How To Avoid Trailering Problems On The Road…

snowmobile trailering tips

Photo by Virgil Knapp


Related: Tips For Your Tow Vehicle


Why do we need best snowmobile trailering tips for our snowmobile tour or snowmobile vacation? Because too often, we take snowmobile trailers for granted. We ignore them, store them improperly and don’t maintain them well. Let’s start with a Snowmobiler Television video clip, then go on to some basic legalities…

Best Snowmobile Trailering Tips

Basic Legalities

To be legal, you must register and plate your trailer. You must hook it up with hitch and safety chains. And make sure it has have working lights and is not overloaded. You must secure your sleds with at least three points of attachment and ensure your tow vehicle has proper side mirrors. Failure to comply can be dangerous and result in a fine.

In many jurisdictions, it’s also illegal to haul a trailer without tow mirrors that extend far enough out to enable unimpaired rear vision. If you tow vehicle isn’t properly equipped, you can get mirror extensions that fasten on as needed.

Prepping Your Trailer

Prepare your sled trailer by checking and greasing the wheel hubs and inspecting tires for wear, cracks and air pressure. Make sure lights work properly and that the cup-hitch assembly, chains and clips are in good shape. Spray all locks and hinges with lubricant and then do a test drive for safety’s sake.

Securing Your Sleds

Keep your sleds secure in transit with heavy-duty tie downs. Make sure their hardware is strong and fasten each sled twice at the front and back using separate straps. Four-point tie down reduces risk of sleds coming loose or being damaged in sudden stops or manoeuvres.

Proper Tongue Weight & Height

Positioning your sled(s) properly on the trailer is crucial for safe towing. The weight should be towards the front of the trailer, but not so far that it pushed the tow vehicle hitch downwards. Sled weight too far back on your trailer makes it more susceptible to sway and possible loss of control while driving.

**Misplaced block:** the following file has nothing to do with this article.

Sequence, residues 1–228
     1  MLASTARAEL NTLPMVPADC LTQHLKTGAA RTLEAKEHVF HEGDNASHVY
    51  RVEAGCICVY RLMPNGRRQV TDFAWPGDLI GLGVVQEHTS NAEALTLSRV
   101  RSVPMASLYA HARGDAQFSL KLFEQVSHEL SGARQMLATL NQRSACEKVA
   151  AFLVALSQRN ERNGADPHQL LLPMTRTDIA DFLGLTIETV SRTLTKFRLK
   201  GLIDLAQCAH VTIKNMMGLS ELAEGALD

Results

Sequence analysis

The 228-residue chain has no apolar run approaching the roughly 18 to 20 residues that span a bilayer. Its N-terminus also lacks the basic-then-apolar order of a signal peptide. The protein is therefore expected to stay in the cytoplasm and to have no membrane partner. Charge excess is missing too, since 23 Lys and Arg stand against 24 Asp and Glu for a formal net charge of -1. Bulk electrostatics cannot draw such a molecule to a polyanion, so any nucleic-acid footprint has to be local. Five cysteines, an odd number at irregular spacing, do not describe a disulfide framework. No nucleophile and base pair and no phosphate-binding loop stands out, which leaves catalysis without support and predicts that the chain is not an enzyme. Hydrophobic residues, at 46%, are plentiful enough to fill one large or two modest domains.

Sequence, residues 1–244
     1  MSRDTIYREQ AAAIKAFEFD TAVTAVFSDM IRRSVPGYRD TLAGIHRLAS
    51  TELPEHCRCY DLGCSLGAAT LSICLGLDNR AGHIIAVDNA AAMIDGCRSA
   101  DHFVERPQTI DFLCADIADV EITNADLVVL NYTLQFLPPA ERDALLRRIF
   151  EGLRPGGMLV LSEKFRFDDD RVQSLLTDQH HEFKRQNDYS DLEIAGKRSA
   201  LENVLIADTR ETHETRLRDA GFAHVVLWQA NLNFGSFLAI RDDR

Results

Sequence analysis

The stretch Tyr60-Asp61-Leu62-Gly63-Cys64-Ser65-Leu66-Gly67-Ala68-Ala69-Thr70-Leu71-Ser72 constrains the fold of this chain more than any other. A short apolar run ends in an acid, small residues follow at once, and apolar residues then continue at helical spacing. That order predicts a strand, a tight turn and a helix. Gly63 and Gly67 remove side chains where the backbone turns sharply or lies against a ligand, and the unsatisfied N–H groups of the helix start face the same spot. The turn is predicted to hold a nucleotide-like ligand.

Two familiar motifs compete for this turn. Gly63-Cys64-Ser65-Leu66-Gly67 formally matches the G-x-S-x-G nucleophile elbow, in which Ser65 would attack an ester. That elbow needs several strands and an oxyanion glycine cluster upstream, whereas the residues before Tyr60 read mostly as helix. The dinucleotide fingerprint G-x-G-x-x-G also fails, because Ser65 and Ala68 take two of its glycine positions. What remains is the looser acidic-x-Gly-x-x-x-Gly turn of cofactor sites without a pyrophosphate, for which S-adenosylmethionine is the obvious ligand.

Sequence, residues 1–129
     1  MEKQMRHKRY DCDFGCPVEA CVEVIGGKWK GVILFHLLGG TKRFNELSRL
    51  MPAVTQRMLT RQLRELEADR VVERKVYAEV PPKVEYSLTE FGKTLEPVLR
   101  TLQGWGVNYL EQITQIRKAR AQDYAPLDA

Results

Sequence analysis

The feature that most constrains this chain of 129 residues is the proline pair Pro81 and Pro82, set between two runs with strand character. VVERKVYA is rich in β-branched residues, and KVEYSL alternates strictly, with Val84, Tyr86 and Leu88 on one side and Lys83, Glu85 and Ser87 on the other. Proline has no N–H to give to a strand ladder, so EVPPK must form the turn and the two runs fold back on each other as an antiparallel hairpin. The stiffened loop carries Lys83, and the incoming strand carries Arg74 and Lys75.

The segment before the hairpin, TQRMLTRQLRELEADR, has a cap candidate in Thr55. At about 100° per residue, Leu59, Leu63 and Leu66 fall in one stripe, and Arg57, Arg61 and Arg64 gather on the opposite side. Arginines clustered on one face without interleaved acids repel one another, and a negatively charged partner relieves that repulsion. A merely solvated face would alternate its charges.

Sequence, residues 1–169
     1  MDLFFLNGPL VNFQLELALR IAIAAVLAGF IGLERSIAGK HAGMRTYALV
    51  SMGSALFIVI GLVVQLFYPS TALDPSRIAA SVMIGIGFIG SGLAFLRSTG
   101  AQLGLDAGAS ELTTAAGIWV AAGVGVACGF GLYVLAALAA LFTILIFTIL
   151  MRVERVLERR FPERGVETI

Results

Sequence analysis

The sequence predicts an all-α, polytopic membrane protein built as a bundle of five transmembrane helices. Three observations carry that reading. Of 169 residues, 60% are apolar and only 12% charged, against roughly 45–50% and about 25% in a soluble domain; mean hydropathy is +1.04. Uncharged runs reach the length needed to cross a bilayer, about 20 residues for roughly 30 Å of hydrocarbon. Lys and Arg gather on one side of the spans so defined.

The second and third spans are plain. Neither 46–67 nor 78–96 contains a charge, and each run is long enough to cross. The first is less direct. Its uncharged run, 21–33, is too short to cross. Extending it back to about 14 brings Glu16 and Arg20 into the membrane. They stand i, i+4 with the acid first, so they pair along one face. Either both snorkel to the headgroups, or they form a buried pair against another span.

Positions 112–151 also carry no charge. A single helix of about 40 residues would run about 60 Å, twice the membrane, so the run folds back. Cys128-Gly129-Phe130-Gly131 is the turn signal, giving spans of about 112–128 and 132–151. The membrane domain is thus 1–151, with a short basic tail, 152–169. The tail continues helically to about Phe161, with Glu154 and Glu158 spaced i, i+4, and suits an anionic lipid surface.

When viewed from the side, your trailer and tongue should be level with the ground. If it’s angled either up or down, that indicates either too little or too much weight on the hitch. So adjust your tow vehicle hitch height to level it out.

Run With Lights

This may seem strange, but turn on your running tow vehicle running lights whenever you trailer. First, other drivers will see you better all the time, but especially in sloppy conditions. Second, you will always know that your trailer lights are working. And if they go off unexpectedly, that you’ve got a problem. Finally, lit trailer lights should generate enough heat to stop snow and slush from covering them.

My Last Word

Trailering tips are particularly important for newbies who may also be trailer novices. If that’s you, take these to heart and also my beginners tips.

Check out more riding tips!

The tips and advice in this blog are the opinions of the author, may not work in every situation and are intended only for the convenience and interest of the reader, who has the personal responsibility to confirm the validity, accuracy and relevancy of this information prior to putting it to their own use.


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